Letters from a Maladroit

Setting up a rails development environment with Vagrant and Ansible

Over the weekend, I started learning Ruby on Rails 4. I’ve used Ruby on Rails 2 in the past, but only for a community college course and a couple toy projects. One reason for giving Ruby on Rails another shot is simply because of its continued popularity. After working with Rails for a few days now, I can see why. The automation tools, testability, and number of user contributed gems make development go a lot faster. I don’t have to rebuild the wheel in regards to automation/scaffolding/migration/etc, and this is a huge win for my increasing “laziness” as a developer.

The first thing I needed to do was set up a rails development environment with Vagrant and Ansible. It took about four hours to get things right, but the reproducibility and environment separation is worth the effort.

Vagrant Setup

For the Vagrant box, I wanted to use Ubuntu 14 since it is the current LTS edition. One of the troubles with Vagrant boxes is that they are not all set up the same. I considered the following boxes:

The following is my Vagrantfile:

# -*- mode: ruby -*-
# vi: set ft=ruby :


Vagrant.configure(VAGRANTFILE_API_VERSION) do |config|

  config.vm.box = "chef/ubuntu-14.04"

  config.vm.network "forwarded_port", guest: 3000, host: 3000

  config.vm.provider "vmware_fusion" do |vf|
    vf.vmx["memsize"] = "1024"

  config.vm.provision :ansible do |ansible|
    ansible.playbook = "playbook.yml"


The Vagrantfile is straightforward. I forward port 3000 so I can view the development website. I also set the RAM at 1GB. Currently my laptop has 8GB RAM and I usually run Chrome, Evernote, Spotify, Scrivener, Sublime Text 2, and iTerm2 with no problems. I think a smaller amount of RAM can be used in this case, but I highly recommend getting lots of RAM if you plan on developing in VMs. I used to have 16GB RAM installed, but then one of the RAM sticks died.

That’s it for the Vagrantfile.

Ansible Setup

I recently started using Ansible. For the past 2-3 years I have been using Puppet with Vagrant. The downsides were:

  1. Managing modules. Somewhat solved with Puppet Librarian. It feels like a convoluted solution though.
  2. Needed to find Vagrant boxes with Puppet installed or build my own.
  3. The Puppet configuration language is better than BASH, but still not the most pleasant language to work with.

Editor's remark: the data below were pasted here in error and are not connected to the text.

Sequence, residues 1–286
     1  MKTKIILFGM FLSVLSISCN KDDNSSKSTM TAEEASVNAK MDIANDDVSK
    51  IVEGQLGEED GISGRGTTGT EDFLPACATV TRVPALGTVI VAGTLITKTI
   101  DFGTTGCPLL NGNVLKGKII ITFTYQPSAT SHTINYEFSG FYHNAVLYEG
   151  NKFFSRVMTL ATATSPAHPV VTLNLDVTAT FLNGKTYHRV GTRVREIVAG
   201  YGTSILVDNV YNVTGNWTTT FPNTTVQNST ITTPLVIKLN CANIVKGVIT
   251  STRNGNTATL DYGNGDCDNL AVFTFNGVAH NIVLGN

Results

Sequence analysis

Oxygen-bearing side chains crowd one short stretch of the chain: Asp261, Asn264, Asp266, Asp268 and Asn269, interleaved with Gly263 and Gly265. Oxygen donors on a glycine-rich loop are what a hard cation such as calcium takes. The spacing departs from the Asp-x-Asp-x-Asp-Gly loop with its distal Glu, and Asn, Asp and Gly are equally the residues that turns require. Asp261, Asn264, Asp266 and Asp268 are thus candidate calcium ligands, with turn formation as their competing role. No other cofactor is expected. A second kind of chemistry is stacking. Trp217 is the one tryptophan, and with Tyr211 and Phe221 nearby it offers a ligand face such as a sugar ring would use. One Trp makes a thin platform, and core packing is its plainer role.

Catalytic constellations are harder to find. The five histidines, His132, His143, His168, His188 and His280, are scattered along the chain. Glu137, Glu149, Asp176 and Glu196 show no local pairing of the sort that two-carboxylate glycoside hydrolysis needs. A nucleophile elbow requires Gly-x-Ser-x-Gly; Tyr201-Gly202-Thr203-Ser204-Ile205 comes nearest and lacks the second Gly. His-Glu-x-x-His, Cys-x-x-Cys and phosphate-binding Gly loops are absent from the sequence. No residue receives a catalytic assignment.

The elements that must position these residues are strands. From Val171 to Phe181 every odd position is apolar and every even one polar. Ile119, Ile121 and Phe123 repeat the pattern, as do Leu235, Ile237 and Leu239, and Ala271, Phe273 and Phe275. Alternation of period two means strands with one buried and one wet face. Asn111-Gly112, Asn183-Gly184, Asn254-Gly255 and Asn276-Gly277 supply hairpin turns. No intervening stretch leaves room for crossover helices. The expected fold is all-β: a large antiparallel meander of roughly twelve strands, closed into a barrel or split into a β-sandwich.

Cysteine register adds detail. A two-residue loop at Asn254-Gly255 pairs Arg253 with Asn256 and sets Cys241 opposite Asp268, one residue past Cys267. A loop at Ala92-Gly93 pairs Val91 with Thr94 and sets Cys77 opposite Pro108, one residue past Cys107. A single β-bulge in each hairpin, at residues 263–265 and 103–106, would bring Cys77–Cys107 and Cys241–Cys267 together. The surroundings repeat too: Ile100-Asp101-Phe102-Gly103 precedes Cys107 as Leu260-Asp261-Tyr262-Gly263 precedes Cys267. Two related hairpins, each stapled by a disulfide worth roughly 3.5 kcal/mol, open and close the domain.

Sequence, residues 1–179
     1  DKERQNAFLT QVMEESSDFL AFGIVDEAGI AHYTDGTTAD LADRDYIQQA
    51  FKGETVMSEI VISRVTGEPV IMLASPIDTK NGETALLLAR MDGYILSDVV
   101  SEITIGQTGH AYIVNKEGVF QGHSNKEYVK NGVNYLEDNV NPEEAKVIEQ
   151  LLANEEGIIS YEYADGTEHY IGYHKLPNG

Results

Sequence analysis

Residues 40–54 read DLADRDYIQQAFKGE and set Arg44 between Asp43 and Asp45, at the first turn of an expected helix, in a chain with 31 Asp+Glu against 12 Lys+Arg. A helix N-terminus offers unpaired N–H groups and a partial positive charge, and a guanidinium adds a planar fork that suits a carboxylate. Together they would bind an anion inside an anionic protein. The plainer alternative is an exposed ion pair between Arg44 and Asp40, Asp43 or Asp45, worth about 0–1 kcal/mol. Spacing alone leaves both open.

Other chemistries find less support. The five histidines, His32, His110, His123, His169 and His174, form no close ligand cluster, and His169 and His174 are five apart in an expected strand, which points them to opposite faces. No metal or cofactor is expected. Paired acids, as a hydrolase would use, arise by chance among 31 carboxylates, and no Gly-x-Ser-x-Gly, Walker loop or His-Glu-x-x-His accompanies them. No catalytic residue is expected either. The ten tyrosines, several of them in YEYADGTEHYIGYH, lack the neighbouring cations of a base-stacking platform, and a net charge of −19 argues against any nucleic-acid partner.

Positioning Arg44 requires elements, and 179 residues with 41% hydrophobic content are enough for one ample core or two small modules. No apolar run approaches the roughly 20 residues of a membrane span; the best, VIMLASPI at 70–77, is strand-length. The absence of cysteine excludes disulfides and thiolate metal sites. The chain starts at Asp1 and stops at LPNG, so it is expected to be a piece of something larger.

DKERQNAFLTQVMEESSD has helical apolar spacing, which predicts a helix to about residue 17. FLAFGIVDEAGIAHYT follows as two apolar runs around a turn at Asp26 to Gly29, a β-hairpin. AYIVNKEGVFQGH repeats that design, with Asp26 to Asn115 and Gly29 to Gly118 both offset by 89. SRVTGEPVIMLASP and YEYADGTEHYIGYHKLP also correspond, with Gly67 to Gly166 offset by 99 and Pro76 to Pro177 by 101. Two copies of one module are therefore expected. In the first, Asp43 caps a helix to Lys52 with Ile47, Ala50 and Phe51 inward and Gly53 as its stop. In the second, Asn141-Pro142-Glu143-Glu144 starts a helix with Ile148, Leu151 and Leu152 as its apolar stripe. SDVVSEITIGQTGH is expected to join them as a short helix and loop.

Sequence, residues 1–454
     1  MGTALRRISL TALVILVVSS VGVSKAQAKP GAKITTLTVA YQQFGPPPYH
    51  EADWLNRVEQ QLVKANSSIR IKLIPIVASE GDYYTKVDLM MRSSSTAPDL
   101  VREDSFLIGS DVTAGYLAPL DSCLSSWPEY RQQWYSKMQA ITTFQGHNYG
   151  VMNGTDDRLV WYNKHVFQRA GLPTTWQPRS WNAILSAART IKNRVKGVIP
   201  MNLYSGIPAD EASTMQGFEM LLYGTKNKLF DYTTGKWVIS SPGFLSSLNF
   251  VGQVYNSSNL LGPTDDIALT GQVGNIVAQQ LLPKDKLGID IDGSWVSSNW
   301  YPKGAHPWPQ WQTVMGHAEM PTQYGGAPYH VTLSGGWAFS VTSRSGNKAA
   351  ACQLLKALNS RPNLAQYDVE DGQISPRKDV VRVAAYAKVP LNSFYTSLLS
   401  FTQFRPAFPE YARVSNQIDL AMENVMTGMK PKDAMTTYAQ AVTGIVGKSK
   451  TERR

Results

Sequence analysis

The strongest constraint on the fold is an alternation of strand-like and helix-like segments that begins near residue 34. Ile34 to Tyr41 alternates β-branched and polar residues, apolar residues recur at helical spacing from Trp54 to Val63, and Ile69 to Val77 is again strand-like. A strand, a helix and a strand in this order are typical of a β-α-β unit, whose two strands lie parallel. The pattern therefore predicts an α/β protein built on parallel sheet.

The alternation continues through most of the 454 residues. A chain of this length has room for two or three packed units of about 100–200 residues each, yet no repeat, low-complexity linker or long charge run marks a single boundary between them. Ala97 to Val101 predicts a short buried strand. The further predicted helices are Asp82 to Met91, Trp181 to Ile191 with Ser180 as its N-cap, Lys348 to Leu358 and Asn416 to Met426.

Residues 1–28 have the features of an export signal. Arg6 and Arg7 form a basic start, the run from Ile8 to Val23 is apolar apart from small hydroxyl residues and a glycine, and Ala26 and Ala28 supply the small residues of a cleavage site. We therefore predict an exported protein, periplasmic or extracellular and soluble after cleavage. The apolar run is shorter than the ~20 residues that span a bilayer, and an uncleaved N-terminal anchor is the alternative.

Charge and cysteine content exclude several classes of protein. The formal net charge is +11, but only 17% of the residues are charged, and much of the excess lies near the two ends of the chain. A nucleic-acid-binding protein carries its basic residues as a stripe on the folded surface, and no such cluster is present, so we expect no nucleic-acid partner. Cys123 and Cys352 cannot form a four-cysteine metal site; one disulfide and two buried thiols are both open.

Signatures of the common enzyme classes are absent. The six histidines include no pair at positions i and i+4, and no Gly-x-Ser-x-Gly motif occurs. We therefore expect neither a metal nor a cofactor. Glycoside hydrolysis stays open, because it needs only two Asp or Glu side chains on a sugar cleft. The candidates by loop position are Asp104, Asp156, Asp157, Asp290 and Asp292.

I haven’t used any advanced features of Ansible yet, but here’s what I like so far.

  1. Don’t need Ansible installed on the Vagrant box, although this is somewhat negated by obtuse SSH errors that can occur if the Vagrant box is set up in a certain way.

  2. I like the integrated Ansible Galaxy that allows “roles” to be downloaded and used. It’s cleaner than Puppet Librarian, but there is the issue of needing to automate the installation of roles for other development machines. Ansible probably already has a solution to this. I just need to look into it.

  3. I like the YML configuration. It makes a lot of sense for my relatively basic use cases so far.

Here is my playbook.yml file:

- hosts: all
  sudo: true
    - role: znzj.rbenv
      rbenv_ruby_version: 2.2.1
    - gem_path: "{{rbenv_root}}/shims/gem"
    - apt_repository: repo=ppa:chris-lea/node.js
    - apt: update_cache=yes
    - apt: name=nodejs
    - apt: name=vim

    - name: Install ruby dependencies
      apt: name={{item}}
        - git-core
        - curl
        - zlib1g-dev
        - build-essential
        - libssl-dev
        - libreadline-dev
        - libyaml-dev
        - libsqlite3-dev
        - sqlite3
        - libxml2-dev
        - libxslt1-dev
        - libcurl4-openssl-dev
        - python-software-properties
        - libffi-dev

    - name: Install Postgres dependencies
      apt: name={{item}}
        - postgresql
        - postgresql-contrib
        - libpq-dev
        - python-dev
        - python-pip
    - pip: name=psycopg2

    - name: Allow vagrant to sudo as postgres
        dest: /etc/sudoers
        line: vagrant ALL=(postgres) ALL
        validate: 'visudo -cf %s'

    - name: Create Helloworld user